The Bank for International Settlements today released a new report that discusses the economics of how Bitcoin (BTC) achieves data immutability and explores what the future might hold for cryptocurrencies. The paper finds out that payment finality achieved through “proof-of-work” is extremely expensive and suggests to depart from proof-of-work to speed up payment finality of cryptocurrencies.
The BIS report entitled, “Beyond the doomsday economics of “proof-of-work” in cryptocurrencies identifies two economic limitations of which delays finality of payment of cryptocurrencies. First, that Bitcoin “counterfeiting” via “double-spending” attacks is inherently profitable, making payment finality based on proof-of-work extremely expensive. Second, the transaction market cannot generate an adequate level of “mining” income via fees as user free-ride on the fees of other transactions in a block and in subsequent blockchain.
The report further explains that the proof-of-work can only achieve payment security if there is high mining income. Unfortunately, the transaction market could only generate adequate level of income. This results in deteriorating liquidity in succeeding years. In addition, the bulk of income of miners come from block rewards or newly minted bitcoins which are currently being phased out. It takes months before Bitcoin payment becomes final due to proof-of-work.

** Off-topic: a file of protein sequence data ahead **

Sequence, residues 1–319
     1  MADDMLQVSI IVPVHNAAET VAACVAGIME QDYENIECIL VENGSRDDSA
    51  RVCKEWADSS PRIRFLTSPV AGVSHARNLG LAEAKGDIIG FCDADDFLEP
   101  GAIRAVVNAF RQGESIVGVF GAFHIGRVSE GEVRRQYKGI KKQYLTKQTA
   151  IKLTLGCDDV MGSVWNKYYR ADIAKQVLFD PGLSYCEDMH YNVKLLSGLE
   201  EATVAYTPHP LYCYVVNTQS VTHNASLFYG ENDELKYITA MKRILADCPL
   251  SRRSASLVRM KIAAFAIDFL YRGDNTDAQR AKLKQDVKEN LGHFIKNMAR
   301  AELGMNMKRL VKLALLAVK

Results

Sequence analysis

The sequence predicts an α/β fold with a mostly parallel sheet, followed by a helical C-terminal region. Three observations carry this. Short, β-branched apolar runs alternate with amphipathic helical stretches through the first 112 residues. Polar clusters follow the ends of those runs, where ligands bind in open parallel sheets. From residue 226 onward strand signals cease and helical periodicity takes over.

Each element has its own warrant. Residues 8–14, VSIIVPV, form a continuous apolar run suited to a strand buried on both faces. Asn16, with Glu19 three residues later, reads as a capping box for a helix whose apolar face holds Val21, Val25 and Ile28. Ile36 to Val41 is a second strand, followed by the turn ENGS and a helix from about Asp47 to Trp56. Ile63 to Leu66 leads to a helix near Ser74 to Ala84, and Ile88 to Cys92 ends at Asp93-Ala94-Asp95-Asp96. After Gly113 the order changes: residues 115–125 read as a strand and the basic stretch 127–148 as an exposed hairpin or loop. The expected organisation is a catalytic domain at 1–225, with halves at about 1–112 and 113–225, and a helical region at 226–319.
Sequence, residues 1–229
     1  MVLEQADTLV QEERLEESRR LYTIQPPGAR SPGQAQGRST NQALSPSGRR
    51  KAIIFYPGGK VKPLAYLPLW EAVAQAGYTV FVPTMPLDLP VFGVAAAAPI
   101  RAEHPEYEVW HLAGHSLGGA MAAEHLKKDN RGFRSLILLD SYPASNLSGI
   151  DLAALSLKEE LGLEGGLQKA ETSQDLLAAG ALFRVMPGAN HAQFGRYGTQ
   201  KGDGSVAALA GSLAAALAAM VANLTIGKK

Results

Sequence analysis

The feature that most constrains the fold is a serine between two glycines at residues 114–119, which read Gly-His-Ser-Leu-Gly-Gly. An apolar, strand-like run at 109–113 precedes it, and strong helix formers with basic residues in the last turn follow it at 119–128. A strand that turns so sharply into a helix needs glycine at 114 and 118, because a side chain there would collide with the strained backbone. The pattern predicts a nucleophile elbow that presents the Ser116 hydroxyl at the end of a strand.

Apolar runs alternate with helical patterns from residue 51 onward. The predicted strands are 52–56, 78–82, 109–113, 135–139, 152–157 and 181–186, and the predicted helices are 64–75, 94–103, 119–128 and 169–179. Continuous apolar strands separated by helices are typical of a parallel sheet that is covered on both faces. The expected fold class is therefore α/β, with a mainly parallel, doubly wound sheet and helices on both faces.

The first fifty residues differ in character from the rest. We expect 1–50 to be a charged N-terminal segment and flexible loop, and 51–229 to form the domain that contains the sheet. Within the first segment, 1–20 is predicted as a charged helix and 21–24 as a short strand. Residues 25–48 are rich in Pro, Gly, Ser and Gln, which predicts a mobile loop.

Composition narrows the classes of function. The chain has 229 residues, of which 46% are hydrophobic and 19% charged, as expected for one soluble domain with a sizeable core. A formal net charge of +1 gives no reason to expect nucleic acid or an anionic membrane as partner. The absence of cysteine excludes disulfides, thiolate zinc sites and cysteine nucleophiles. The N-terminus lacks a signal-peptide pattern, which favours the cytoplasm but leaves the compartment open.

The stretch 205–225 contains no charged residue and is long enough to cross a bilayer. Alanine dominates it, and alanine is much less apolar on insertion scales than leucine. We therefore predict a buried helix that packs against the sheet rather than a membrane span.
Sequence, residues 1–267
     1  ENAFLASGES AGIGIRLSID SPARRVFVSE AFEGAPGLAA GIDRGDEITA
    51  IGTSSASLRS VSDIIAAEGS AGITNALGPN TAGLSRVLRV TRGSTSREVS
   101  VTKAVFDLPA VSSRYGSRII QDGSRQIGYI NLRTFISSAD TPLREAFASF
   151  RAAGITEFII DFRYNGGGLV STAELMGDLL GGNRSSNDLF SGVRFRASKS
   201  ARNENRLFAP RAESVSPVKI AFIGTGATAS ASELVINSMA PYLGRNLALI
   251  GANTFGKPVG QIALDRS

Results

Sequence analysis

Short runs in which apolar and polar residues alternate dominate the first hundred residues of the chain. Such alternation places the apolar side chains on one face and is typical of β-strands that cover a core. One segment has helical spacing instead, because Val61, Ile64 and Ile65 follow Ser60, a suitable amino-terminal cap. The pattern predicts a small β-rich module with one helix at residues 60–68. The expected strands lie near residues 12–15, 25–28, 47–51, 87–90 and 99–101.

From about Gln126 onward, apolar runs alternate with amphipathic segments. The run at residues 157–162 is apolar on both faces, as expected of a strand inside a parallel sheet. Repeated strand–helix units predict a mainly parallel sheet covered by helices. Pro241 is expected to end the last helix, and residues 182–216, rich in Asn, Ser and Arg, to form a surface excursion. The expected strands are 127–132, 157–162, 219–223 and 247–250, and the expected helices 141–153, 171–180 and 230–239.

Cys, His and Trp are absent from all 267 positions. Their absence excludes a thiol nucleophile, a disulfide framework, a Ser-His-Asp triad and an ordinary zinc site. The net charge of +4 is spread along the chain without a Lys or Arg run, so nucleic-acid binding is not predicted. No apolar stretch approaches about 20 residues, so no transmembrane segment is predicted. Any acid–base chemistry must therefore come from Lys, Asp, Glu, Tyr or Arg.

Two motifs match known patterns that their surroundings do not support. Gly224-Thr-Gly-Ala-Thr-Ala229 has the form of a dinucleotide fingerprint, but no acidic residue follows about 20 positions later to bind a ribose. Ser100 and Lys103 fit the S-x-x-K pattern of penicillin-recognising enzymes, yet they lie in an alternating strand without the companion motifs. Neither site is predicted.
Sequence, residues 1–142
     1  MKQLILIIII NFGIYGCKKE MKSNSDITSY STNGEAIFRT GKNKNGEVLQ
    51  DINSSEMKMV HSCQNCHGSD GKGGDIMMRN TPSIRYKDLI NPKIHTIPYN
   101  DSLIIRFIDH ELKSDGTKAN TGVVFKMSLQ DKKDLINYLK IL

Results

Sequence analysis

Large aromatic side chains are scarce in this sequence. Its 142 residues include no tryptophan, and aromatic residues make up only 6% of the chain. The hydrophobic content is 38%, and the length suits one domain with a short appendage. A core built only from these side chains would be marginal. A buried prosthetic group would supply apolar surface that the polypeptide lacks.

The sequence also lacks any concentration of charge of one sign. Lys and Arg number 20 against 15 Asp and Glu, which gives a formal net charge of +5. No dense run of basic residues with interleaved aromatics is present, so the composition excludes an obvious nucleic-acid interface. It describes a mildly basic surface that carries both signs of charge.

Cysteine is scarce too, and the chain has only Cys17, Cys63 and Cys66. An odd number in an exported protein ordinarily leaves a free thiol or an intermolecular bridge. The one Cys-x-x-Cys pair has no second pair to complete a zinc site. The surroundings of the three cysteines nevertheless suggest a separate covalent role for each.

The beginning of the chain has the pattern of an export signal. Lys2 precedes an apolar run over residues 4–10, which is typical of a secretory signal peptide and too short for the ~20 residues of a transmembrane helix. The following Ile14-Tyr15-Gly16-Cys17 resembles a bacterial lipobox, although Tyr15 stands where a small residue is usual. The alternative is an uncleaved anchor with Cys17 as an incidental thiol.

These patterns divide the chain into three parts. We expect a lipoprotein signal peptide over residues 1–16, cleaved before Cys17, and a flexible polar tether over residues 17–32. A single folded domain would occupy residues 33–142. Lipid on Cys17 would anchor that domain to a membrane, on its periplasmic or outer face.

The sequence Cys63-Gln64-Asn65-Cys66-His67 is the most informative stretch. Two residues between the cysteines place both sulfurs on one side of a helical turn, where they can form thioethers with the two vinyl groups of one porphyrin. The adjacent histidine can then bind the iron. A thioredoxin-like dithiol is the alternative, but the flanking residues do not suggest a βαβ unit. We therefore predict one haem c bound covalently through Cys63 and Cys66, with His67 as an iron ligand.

So the paper concludes with how technologies can affect the efficiency of Bitcoin and other cryptocurrencies. These technologies can help improve the economics of payment security but is not the ultimate solution to the problem.
The paper suggest that cryptocurrencies should depart from proof-of work since this is not sustainable anymore because of the phase out of block rewards. The cryptocurrency industry should explore the possibility of using other methods such as “proof-of-stake,” which is defined as:
a system in which coordination on blockchain updates is enforced by ensuring that transaction verifiers pledge their coin holdings as guarantees that their payment confirmations are accurate.
The full report can be found here.